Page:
Securing funding for President Donald Trump’s proposed border wall once again seems to be getting punted further down the road by congressional leadership.
During a radio interview with WHAS on Friday, Senate Majority Leader Mitch McConnell said the wall on the U.S.-Mexico border will likely not make it into the next funding legislation, which must be passed by the end of September in order to avoid another government shutdown.
When directly asked if the funding of the border wall would have to wait until after midterm elections, the Republican senator replied “probably,” noting that it is “something [Democrats and Republicans] do have a disagreement on.”
“But most of the government will be covered and then at the end of the year, if we can’t reach an agreement on that, we’ll do what’s called a ‘continuing resolution’ for that little portion of the government spending that’s left unpassed in individual bills,” McConnell added. (RELATED: Trump Wants Senate To Go ‘Nuclear’ To Pass Border Wall Funding)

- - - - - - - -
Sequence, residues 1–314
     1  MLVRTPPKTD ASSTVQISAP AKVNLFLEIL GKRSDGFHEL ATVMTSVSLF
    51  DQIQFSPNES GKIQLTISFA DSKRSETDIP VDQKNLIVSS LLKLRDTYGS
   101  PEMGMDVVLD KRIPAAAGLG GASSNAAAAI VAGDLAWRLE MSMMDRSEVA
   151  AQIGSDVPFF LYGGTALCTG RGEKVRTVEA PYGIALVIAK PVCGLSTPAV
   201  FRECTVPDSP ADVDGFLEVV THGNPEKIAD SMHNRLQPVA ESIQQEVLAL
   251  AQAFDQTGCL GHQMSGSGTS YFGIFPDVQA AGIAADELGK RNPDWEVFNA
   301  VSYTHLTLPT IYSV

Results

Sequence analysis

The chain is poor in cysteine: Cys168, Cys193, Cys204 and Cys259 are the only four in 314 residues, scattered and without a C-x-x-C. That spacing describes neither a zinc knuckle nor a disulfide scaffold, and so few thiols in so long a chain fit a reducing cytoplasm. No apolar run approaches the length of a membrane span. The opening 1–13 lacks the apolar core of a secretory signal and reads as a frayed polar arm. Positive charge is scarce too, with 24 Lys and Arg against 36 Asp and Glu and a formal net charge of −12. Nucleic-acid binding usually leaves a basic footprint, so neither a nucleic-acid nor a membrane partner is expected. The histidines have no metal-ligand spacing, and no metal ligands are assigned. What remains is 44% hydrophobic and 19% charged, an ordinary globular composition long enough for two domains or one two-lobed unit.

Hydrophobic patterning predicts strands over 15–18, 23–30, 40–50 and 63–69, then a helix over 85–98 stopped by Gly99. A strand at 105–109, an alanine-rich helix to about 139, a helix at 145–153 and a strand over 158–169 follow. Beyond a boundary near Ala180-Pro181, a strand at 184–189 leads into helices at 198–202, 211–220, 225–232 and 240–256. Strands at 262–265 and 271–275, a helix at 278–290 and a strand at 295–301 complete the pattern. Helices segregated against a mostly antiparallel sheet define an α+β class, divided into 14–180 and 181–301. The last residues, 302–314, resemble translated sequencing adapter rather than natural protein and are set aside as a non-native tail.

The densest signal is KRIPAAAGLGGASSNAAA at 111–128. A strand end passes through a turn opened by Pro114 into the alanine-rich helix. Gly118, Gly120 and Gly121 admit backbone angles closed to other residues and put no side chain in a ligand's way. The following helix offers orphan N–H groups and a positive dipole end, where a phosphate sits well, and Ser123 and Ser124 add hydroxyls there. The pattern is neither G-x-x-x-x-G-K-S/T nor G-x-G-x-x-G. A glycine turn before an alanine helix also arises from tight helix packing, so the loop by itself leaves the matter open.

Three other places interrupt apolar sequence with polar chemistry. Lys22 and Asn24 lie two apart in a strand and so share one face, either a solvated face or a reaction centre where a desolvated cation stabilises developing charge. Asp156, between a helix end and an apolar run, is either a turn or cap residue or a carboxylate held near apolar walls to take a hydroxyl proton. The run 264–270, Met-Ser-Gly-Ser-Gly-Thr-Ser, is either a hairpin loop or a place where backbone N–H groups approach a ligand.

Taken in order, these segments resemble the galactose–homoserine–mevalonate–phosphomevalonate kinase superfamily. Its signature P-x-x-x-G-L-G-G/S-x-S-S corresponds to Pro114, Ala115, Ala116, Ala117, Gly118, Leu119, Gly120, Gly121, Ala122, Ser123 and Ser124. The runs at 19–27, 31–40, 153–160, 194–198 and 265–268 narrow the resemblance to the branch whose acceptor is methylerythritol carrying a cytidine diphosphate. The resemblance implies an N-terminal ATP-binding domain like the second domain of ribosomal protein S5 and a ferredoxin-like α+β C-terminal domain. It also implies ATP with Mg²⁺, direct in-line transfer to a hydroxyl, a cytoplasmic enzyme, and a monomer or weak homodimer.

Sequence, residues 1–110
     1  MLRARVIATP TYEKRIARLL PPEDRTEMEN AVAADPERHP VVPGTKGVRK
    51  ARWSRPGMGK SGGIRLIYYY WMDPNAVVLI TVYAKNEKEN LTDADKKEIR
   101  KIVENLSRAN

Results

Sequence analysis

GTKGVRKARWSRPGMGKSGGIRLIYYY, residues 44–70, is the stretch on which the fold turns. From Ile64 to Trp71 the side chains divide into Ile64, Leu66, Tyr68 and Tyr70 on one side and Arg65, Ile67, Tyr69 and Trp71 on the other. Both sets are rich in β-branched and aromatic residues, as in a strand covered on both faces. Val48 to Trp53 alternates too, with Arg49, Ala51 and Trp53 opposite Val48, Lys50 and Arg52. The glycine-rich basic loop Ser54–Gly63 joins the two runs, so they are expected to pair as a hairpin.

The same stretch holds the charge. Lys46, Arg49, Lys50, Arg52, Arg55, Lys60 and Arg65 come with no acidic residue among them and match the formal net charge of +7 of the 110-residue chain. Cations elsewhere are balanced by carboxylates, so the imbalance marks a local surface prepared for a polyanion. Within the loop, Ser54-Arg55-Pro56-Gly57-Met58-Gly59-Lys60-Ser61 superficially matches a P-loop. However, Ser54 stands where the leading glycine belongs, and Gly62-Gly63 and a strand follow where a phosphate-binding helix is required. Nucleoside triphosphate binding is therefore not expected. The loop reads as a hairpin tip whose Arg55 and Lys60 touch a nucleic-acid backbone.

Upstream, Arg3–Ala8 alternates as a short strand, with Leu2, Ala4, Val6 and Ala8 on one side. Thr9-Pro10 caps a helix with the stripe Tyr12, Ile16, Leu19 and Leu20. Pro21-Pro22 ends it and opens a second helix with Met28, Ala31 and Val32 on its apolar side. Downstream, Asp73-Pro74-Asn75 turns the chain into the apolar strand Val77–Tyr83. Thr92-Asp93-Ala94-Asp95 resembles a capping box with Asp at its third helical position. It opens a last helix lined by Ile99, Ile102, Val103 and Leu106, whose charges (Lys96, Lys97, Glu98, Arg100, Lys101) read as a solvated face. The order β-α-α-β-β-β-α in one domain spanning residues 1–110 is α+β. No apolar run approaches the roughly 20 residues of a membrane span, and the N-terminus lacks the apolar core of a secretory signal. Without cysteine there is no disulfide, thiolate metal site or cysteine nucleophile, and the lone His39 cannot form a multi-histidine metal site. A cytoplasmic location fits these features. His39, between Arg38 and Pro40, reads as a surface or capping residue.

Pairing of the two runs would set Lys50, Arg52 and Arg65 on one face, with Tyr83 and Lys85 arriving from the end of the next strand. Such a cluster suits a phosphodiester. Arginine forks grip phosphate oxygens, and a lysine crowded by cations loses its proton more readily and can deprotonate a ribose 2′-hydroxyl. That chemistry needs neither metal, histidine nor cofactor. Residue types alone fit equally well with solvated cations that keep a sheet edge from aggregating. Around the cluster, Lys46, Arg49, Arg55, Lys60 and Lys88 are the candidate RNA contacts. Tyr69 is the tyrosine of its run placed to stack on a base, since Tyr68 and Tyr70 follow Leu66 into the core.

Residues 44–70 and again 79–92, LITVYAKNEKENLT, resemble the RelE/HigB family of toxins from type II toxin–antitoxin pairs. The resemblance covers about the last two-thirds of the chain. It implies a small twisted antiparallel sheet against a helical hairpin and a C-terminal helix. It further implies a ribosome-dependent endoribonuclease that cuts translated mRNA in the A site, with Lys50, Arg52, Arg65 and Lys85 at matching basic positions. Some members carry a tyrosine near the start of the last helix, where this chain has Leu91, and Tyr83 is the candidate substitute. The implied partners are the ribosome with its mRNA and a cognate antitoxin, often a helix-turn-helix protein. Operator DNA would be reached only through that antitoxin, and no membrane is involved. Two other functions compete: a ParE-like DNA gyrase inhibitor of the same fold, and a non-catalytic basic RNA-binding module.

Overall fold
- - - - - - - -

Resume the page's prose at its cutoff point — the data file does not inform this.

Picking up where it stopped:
McConnell and Speaker of the House Paul Ryan met with Trump on Wednesday to discuss the funding legislation. The following day, Ryan also indicated the wall funding looked unlikely to be included in the current legislation.
“The president’s willing to be patient to make sure that we get what we need so we can get that done,” Ryan said. But he further stated that funding the border wall was “not a question of if, it’s a question of when.”
The House Appropriations Committee bill included $5 billion in border wall funding, while the Senate Appropriations Committee bill included only $1.6 billion, reported The Hill. With only a 51-49 majority in the Senate, Democratic support is needed to pass the bill. Democrats have called $5 billion a “non-starter.”
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